The chief medical officer, professor Chris Whitty, and chief scientific adviser, Sir Patrick Vallance, made a statement this morning on the latest data surrounding Covid-19, laying the groundwork for new restrictions that the government is expected to announce tomorrow. It wasn’t a press conference with questions, so they could not be challenged on what they presented — but there were plenty of questions to ask. Here are five:
Sir Patrick presented a graph showing a frightening exponential rise in cases to 49,000 a day by mid-October — if cases continued to double every seven days. He emphasised that it wasn’t a prediction, yet only presented one scenario. The idea that cases are doubling every seven days is based on data from a very brief period in late August and early September. But in France and Spain — which are being watched closely, under the assumption that the UK is following the same Covid-19 trajectories — cases took three weeks to double. Moreover, the graphs presented to us show that cases there are no longer rising at an exponential rate — in fact, the rise is starting to level off. If the UK is following France and Spain, this does not support a scenario of Covid-19 infections doubling every seven days. Why didn’t he also show a graph with this scenario: that we follow either Spain or France?
The graphs they showed of rising cases and fatalities in France and Spain were framed to illustrate what appeared to be a dramatic rise in deaths, responding to a dramatic rise in cases. What they didn’t show — because the graphs only started in July — was that in the second wave of Covid-19 in Spain and France (and this applies to many other countries too) deaths are not rising by anything like the same proportion they were in the first wave back in the spring. In France, for example, recorded daily new cases are higher now than in the spring — 13,498 new cases were recorded on 19 September, compared with a peak of 7,578 on 31 March (looking at these graphs, we must remember that at the height the pandemic, testing capacity was significantly lower and only a fraction of cases were being detected). Does Whitty think it’s significant that deaths are nowhere near the levels they were in the spring? Deaths in France reached 153 on 18 September, compared with a peak of 1,437 on 15 April.
Sir Patrick said that ‘fewer than 8 per cent of the population has developed antibodies to the virus’ and therefore the vast majority remains susceptible. It is true that studies to screen the population for antibodies have shown results in the 6 to 8 per cent range. However, Sir Patrick did not reference research elsewhere which suggests that many more people might have gained some degree of immunity to the virus from their T cells, some from previous exposure to other coronaviruses — covered here the other day. Is he discounting the idea of mass T cell immunity and, if so, why?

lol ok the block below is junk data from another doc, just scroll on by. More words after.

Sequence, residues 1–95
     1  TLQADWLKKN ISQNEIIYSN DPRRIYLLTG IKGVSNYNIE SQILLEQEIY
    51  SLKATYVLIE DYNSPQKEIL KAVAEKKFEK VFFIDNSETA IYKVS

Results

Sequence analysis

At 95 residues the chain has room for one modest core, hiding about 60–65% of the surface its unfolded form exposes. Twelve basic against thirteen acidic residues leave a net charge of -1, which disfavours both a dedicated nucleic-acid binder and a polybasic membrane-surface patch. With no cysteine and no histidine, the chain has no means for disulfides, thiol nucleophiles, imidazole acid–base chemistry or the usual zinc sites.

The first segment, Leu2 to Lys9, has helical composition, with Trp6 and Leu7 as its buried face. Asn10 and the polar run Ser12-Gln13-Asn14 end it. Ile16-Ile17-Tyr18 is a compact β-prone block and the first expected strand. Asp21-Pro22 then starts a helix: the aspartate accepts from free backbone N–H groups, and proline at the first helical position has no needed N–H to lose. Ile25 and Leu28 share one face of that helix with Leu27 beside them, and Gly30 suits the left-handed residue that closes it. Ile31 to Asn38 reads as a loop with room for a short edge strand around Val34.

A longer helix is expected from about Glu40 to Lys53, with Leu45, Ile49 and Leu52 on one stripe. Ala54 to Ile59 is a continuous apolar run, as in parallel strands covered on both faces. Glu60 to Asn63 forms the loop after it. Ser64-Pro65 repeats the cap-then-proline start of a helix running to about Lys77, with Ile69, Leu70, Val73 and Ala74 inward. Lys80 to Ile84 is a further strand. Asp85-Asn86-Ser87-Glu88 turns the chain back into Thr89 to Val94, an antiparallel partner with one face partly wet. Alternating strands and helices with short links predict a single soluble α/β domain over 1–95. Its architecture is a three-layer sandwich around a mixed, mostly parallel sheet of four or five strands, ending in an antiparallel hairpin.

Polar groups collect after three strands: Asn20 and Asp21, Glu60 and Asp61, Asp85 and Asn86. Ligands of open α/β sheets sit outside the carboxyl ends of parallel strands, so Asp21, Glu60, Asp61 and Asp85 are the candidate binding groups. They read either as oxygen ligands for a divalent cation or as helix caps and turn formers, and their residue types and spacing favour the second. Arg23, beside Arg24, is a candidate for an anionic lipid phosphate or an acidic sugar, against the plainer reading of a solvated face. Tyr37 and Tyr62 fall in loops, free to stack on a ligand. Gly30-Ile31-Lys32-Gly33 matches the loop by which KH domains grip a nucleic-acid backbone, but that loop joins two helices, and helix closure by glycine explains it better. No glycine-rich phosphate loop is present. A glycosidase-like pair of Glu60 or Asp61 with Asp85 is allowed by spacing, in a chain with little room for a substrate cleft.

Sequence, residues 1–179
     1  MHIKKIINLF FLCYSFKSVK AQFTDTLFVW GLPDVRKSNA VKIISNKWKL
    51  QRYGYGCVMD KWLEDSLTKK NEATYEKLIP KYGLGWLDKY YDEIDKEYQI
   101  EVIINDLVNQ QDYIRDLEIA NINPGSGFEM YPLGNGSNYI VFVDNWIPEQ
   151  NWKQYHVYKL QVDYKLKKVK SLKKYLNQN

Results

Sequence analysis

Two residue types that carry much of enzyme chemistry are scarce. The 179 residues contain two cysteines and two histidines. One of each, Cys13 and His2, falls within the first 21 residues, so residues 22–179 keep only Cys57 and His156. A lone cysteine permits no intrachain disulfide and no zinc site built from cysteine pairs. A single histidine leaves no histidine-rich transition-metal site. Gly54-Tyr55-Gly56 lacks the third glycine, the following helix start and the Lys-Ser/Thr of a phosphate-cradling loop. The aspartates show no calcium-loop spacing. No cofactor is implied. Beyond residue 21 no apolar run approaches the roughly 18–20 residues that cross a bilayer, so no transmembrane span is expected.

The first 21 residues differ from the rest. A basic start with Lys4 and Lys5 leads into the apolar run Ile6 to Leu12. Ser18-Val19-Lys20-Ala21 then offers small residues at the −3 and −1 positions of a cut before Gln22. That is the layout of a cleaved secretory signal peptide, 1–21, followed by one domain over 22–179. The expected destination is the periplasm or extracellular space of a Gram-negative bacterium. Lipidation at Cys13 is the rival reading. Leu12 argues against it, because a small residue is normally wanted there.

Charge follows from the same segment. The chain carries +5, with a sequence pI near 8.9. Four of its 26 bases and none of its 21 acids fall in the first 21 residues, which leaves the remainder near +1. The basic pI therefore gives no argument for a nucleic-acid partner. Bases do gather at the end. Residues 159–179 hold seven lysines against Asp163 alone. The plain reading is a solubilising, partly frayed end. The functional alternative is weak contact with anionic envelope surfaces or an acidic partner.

Chris Whitty spoke of the threat of the NHS being ‘overwhelmed’. The Nightingale hospitals remained virtually empty. Why does he think there is a serious risk of hospitals being overwhelmed — and why hasn’t any data been made publicly available to discern capacity in NHS hospitals?
Chris Whitty spoke of deaths from three different causes: direct deaths from the virus itself, deaths as a result of the NHS being overwhelmed, and those from the NHS spending so much of its resources on treating Covid-19 patients that it was forced to reduce treatment for other conditions.
What he didn’t mention, however, was deaths caused by fear: people dying because they were too frightened to go to hospital or seek medical attention for heart attacks and the like. Recent data shows that the number of heart attacks detected and treated fell by 40 per cent during lockdown. He has a ‘scenario’ for direct Covid-19 deaths. Has any attempt been made to draw a ‘scenario’ for deaths that would undoubtedly be caused by another lockdown?
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